Foundations of Computational Mathematics

, Volume 10, Issue 5, pp 569–613

Scattering in Flatland: Efficient Representations via Wave Atoms


DOI: 10.1007/s10208-010-9070-4

Cite this article as:
Demanet, L. & Ying, L. Found Comput Math (2010) 10: 569. doi:10.1007/s10208-010-9070-4


This paper presents a numerical compression strategy for the boundary integral equation of acoustic scattering in two dimensions. These equations have oscillatory kernels that we represent in a basis of wave atoms, and compress by thresholding the small coefficients to zero.

This phenomenon was perhaps first observed in 1993 by Bradie, Coifman, and Grossman, in the context of local Fourier bases (Bradie et al. in Appl. Comput. Harmon. Anal. 1:94–99, 1993). Their results have since then been extended in various ways. The purpose of this paper is to bridge a theoretical gap and prove that a well-chosen fixed expansion, the non-standard wave atom form, provides a compression of the acoustic single- and double-layer potentials with wave number k as O(k)-by-O(k) matrices with Cεδk1+δ non-negligible entries, with δ>0 arbitrarily small, and ε the desired accuracy. The argument assumes smooth, separated, and not necessarily convex scatterers in two dimensions. The essential features of wave atoms that allow this result to be written as a theorem are a sharp time-frequency localization that wavelet packets do not obey, and a parabolic scaling (wavelength of the wave packet) ∼ (essential diameter)2. Numerical experiments support the estimate and show that this wave atom representation may be of interest for applications where the same scattering problem needs to be solved for many boundary conditions, for example, the computation of radar cross sections.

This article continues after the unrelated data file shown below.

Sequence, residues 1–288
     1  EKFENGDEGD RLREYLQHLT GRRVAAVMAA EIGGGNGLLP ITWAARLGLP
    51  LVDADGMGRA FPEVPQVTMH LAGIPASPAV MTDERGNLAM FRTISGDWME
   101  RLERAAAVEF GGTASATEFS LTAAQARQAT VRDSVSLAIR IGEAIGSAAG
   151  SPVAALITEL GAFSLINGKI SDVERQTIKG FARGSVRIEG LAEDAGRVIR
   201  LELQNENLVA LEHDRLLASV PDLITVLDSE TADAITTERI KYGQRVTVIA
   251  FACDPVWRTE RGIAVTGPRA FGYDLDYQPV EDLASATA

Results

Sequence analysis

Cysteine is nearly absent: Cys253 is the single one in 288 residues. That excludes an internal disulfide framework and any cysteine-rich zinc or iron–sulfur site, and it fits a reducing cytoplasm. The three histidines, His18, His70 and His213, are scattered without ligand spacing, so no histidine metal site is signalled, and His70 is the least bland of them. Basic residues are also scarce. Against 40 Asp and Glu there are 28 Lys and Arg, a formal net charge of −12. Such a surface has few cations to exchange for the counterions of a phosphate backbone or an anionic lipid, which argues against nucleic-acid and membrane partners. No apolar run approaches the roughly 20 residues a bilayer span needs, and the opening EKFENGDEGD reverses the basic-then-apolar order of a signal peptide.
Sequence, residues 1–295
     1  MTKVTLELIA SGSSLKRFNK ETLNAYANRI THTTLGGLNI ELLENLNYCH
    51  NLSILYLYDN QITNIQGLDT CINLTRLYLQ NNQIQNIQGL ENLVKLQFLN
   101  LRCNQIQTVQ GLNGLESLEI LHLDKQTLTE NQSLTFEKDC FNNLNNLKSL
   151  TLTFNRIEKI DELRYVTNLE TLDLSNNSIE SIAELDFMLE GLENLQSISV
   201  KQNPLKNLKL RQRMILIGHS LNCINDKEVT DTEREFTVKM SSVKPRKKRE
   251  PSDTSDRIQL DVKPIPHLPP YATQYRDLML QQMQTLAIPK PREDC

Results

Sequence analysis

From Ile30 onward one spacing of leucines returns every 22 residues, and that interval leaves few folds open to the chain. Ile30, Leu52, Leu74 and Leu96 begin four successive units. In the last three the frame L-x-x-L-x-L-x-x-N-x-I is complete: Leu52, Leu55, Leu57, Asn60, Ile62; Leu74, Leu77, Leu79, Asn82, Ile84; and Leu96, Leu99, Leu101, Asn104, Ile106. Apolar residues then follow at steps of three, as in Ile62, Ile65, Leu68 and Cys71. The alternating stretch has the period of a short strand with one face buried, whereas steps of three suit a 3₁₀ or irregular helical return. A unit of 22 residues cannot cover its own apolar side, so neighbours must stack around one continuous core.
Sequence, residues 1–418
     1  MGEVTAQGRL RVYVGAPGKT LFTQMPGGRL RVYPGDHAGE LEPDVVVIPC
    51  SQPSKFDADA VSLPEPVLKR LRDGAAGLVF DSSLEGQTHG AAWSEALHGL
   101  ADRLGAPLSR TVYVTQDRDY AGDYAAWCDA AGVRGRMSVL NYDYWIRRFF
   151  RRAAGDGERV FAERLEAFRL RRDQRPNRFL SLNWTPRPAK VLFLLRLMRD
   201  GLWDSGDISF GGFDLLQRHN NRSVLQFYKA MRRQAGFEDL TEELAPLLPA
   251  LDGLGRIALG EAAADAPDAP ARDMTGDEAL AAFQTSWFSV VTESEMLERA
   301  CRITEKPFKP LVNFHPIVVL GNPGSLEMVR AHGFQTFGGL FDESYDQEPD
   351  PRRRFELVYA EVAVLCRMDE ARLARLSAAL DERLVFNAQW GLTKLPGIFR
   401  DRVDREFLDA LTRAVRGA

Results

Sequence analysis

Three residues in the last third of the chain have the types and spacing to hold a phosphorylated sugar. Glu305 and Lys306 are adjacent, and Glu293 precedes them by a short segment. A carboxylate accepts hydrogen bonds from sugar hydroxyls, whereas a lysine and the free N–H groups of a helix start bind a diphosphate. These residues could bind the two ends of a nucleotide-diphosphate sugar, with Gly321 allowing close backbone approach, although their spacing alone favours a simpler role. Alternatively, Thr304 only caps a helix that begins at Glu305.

Fast algorithm Wave propagation Boundary integral equation Computational harmonic analysis 

Mathematics Subject Classification (2000)

65R20 65T99 

Copyright information

© SFoCM 2010

Authors and Affiliations

  1. 1.Department of MathematicsMassachusetts Institute of TechnologyCambridgeUSA
  2. 2.Department of MathematicsUniversity of Texas at AustinAustinUSA

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